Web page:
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Upamanyu Chatterjee

Upamanyu Chatterjee at a reading in New Delhi
Born 1959
Patna, Bihar, India
Occupation author
Alma mater St. Stephen's College, Delhi
Genres Novel

Upamanyu Chatterjee (born 1959) is an Indian Bengali author and administrator, notable for his work set in the milieu of the Indian Administrative Service, especially his novel English, August.

Born in Patna, Bihar, Chatterjee was educated at St. Xavier's School and St. Stephen's College, in Delhi. He joined the Indian Administrative Service in 1983.


Major Works

Chatterjee has written a handful of short stories of which "The Assassination of Indira Gandhi" and "Watching Them" are particularly noteworthy. His best-selling novel, English, August : An Indian story (subsequently made into a major film), was published in 1988 and has since been reprinted several times. A review in Punch described the book as "Beautifully written … English, August is a marvelously intelligent and entertaining novel, and especially for anyone curious about modern India". The novel follows Agastya Sen - a young westernized Indian civil servant whose imagination is dominated by women, literature and soft drugs. This vivid account of "real India" by the young officer posted to the small provincial town of Madna is "a funny, wryly observed account of Agastya Sen's year in the sticks", as described by a reviewer in The Observer.

His second novel, The Last Burden, appeared in 1993. This novel recreates life in an Indian family at the end of the twentieth century. The Mammaries of the Welfare State was published at the end of 2000 as a sequel to English, August. His latest novel, Weight Loss, a dark comedy, was published in 2006.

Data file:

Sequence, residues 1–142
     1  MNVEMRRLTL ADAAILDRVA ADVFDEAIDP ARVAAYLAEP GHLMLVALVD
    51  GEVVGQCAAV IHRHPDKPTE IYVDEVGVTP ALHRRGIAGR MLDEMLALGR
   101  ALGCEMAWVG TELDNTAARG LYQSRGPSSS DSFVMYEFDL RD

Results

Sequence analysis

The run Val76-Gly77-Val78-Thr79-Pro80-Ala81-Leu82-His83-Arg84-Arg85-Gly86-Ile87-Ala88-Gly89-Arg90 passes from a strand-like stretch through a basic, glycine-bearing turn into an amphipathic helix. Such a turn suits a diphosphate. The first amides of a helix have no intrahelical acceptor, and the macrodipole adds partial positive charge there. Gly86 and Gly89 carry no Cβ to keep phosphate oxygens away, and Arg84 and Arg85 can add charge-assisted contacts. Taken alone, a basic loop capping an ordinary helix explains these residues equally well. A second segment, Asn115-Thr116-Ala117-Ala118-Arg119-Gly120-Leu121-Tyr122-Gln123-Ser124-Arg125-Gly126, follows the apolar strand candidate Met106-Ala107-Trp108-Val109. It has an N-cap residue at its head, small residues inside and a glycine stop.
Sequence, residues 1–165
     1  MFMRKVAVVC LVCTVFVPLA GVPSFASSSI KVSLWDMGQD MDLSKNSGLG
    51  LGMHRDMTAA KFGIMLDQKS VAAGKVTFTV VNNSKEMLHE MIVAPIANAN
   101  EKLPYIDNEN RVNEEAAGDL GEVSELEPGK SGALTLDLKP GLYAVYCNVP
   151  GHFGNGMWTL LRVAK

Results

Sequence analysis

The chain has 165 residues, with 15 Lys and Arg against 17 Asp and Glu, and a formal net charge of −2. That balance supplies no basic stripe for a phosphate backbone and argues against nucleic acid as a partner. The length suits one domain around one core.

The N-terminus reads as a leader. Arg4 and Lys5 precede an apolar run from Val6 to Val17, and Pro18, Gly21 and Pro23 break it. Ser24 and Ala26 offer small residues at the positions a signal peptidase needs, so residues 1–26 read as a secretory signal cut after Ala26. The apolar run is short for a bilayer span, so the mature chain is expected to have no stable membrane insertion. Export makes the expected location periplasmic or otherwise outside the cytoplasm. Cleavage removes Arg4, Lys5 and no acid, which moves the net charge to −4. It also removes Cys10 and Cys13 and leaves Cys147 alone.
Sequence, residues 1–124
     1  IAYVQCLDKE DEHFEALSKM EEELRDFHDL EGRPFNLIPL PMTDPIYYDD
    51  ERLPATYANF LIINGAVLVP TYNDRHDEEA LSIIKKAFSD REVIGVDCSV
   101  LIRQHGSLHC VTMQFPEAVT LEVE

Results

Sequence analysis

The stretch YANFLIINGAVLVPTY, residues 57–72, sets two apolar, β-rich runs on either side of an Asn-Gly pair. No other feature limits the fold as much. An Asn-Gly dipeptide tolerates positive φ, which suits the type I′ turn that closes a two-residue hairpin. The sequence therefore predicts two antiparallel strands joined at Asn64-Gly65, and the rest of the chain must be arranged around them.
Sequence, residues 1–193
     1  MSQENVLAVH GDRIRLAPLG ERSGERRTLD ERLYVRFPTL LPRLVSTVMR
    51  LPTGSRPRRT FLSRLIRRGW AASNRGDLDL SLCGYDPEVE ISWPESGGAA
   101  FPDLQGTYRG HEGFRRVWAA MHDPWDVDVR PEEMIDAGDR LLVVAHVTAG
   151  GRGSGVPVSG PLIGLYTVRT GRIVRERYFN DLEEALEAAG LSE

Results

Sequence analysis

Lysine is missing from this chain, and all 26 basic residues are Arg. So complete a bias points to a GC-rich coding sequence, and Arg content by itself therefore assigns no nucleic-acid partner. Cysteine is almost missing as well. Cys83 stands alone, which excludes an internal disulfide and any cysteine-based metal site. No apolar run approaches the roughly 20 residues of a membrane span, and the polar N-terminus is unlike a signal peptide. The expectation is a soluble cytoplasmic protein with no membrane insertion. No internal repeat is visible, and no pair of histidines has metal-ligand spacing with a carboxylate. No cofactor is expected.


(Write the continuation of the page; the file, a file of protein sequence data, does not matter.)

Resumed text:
Anjana Sharma equates Upamanyu’s vision of humanity with W.B. Yeats. She writes, "Eighty years apart, cultures, civilisations, even craft and temperament apart, Yeats and Chatterjee share an identical vision of a de-centered, de-natured world." Dr. Mukul Dikshit opines that Chatterjee has, for the first time, focussed on a "new class" of Westernised Urban Indians that was hitherto ignored in the Regional as well as the English Fiction of India. He declares that Chatterjee's imagination is as fertile as Kafka’s; his tragic sense is as keen as Camus’s; his understanding of the absurd-comic (farce) in life is at par with Milan Kundera and Saul Bellow.


Officier des Arts et des Lettres (Officer of the Order of Arts and Letters), by the French Government


Name Publisher ISBN Publishing date Notes
English, August : An Indian story Faber & Faber,

Rupa & Co,

NYRB Classics

Hardback: ISBN 0-571-15101-9

Paperback: ISBN 0-14-027811-7

Reprint: ISBN 1-59017-179-9

First published June 1988.

Reprint by NYRB Classics 2006

Hailed as the definitive urban Indian coming-of-age novel
The Last Burden Faber & Faber Paperback: ISBN 0-571-17155-9 November 17, 1994
The Mammaries of the Welfare State Viking ISBN 0-670-87934-7 2000 Sequel to English August
Weight Loss Penguin Books India Paperback: ISBN 0-670-05862-9 February 28, 2006
Way to Go Penguin Books India Hardback: ISBN 0-670-08352-7 February 15, 2010 Sequel to The Last Burden


James Wood, The Guardian, August 17, 1993

Rambing at fifty, Upamanyu Chatterjee, India Today, August 18, 1997

Soumya Bhattacharya, The Hindustan Times, January 14, 2001

Vijay Nambisan, The Hindu, April 1, 2001

Michael Dirda, The Washington Post, April 23, 2006

'English, August: An Indian Story,' by Upamanyu Chatterjee, Book Review, The New York Times, July 2, 2006

Susan Cunningham, Review of The Last Burden by Upamanyu Chatterjee, Asian Literature, March 19, 2009

External links

Upamanyu Chatterjee's books at the complete review

See also



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